Remember the first impressions chat we had in tips number 1? Well, you also need to be punctual. If you are late, then you are going to be late setting up. The problem comes in the fact that everything is timed. Some venues can only play music up to a certain time. The actual guests want to go home at a certain time. Also your lateness is a reflection on the organiser...will you get booked again? No. If the place is far away, stay overnight before hand, or set out earlier. If you think it will be an hour drive, set out 2 hours before hand. If you are early then you can chill out. Rushing to set up things can only lead to mistakes and it makes you look unprofessional, and unbookable. Oh, and by the way, find out where the place is before you set off. Do a trial run, go the day before. Just make sure you know where the place is.

Mobile Djing Tips and Tricks Number 6:

How are you actually going to get there with all your kit? Make sure that you have transport that is capable of moving everything around and make sure, please that it is in running order. If the car breaks down you will be late and you will be unbookable. Do a trial run even. Also as a side note, make a list of what you need to take with you (including wires, CDs, back-ups, plugs, torch, etc).

Mobile Djing Tips and Tricks Number 7:

We have all heard of the little saying that people never buy anything that is cheap. One marketing person tried this and tried to give away $10 for free...any takers? No, no one applied. People see cheap stuff as cheap, and expensive stuff as better. So don't undervalue yourself. If you have had good feedback (testimonials), publish them and use them as leverage to increase your fee. The more venues you do, the bigger the crowds, and the more you "advertise yourself" the better your fee will be. Experience and being a "known entity" are the only ways to make tons of cash. For instance Carl Cox commands a huge salery because he is widely known, released some CDs, is well accepted at his venues and people travel to see him. He commands his money because he earnt it- he is a proven artist. He started at the bottom like everyone else and now look at him.

Mobile Djing Tips and Tricks Number 8:

When you advertise, know what you are actually advertising. For instance a friend of mine booked a band for �300 (for 3 hours) because they could play any tune that you suggested (given time to rehearse). They weren't booked on their ability to use a certain bit of equipment, their proficiency in music (that can be put onto your Internet site on the "about me" page)....they were booked on what they can do. That is the main advertising fact- their benefits to the party. Carl Cox delivers huge atmosphere and knows how to handle the crowd to get them into a frenzy. He is not booked on his ability to use a certain DJ deck. What do you bring to the party...or in other words- why you and not someone else? What are your benefits?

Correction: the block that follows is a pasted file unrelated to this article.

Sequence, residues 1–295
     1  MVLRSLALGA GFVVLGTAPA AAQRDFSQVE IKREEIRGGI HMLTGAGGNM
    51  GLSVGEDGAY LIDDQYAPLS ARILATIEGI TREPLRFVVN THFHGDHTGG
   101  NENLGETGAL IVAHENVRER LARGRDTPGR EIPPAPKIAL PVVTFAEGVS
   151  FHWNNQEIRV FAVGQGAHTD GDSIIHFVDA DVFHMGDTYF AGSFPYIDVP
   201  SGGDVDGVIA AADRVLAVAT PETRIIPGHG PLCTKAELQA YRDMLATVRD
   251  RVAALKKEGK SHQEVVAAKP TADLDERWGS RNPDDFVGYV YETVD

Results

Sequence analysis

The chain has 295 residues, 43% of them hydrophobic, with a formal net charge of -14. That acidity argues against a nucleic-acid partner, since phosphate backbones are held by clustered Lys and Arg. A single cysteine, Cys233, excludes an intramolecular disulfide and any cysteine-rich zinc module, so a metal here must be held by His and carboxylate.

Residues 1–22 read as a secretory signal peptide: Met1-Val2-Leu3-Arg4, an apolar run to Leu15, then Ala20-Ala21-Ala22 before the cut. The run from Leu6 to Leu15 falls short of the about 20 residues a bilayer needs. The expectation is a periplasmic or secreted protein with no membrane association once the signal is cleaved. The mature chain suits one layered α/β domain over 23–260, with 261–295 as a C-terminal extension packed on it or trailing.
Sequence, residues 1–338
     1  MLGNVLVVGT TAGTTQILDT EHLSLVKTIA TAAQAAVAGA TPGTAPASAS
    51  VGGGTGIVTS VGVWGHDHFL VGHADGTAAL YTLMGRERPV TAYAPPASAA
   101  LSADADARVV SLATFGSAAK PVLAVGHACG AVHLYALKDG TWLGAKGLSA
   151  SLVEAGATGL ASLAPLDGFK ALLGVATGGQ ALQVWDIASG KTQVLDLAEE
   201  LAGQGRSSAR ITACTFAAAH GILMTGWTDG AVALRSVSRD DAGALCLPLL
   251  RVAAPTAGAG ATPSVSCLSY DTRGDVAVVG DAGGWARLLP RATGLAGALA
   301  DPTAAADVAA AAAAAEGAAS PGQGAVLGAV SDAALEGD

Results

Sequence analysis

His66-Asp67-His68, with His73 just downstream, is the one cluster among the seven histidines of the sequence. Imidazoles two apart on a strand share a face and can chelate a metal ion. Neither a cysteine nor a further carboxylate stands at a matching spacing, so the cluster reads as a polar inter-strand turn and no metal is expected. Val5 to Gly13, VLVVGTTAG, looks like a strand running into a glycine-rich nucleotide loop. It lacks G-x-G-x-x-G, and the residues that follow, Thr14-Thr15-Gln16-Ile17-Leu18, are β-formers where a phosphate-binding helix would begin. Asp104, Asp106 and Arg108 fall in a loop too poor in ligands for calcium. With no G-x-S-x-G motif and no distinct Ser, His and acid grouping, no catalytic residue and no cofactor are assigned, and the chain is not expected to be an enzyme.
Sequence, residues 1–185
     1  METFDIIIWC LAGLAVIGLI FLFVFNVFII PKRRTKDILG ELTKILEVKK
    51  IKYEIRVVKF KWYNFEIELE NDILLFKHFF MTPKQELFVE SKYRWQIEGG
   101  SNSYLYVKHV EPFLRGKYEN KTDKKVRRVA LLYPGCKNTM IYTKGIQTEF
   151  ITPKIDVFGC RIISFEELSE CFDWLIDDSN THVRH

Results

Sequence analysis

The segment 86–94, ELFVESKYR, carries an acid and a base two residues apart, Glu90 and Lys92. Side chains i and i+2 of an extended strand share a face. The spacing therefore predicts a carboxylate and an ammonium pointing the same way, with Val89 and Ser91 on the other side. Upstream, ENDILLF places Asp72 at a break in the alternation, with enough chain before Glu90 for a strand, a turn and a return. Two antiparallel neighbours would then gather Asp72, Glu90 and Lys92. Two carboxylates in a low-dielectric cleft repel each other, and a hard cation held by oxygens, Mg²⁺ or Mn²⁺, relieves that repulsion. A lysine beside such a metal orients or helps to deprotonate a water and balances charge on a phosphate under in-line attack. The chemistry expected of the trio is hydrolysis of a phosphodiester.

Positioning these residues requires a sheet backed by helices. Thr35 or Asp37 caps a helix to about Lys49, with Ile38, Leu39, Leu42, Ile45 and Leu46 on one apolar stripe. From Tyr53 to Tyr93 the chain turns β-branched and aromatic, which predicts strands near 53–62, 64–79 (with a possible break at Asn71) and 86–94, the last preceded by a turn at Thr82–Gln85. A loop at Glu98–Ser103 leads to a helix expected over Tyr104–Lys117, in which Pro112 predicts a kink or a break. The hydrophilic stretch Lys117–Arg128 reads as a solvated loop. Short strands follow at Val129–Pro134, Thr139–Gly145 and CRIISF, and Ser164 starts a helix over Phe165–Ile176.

Mobile Djing Tips and Tricks Number 9:

Make sure that you do your research before hand. make sure you know what the client wants. If it is for a wedding make sure you know what style of music they like. You will be a little lost if you turn up with half of Ibiza pumping out of your decks and it is a Country and Western themed doo! Also know names, know who the key people are. If it is a wedding- who is the bride, groom, father-of-the-bride etc. If you are friendly and seem to care then this is huge advertisement for you. One person could easily give your details to their friends who could give it to theirs.

Mobile Djing Tips and Tricks Number 10:

Try and get a forum up and going with like minded DJs. Most of you will be in the same boat and you can share experiences, ideas and tips with each other. If you do a certain style of music and someone else does another, you could recommend them (making sure that they are good). Communication within the area and trying to create contacts is a must. Here's an idea. How about setting up a databank of DJs, offering DJs for any occasion, anywhere. They could be vetted by you and given a seal of approval (like a standards mark). You could have YouTube footage of their events to highlight them. Maybe even offer a membership service?

Shhh...the pro DJs secret.

So you are at the venue...now what? The time of the DJ just standing there is becoming boring. The new DJ is called the VJ- the video DJ. Having music synched to video is becoming cheaper, and also becoming a new way to differentiate the beginner with the professional.

Who would you have, a DJ stood behind a desk or a DJ that actually enhances their area by having effects and video footage being played as well- the whole mutilmedia DJ. "Artist-in-Residence at BBC Radio 1" Charles Kriel has made an easy way to understand, VJ guide especially for the beginner. You can check it out one of the best mobile djing tips - the VJ guide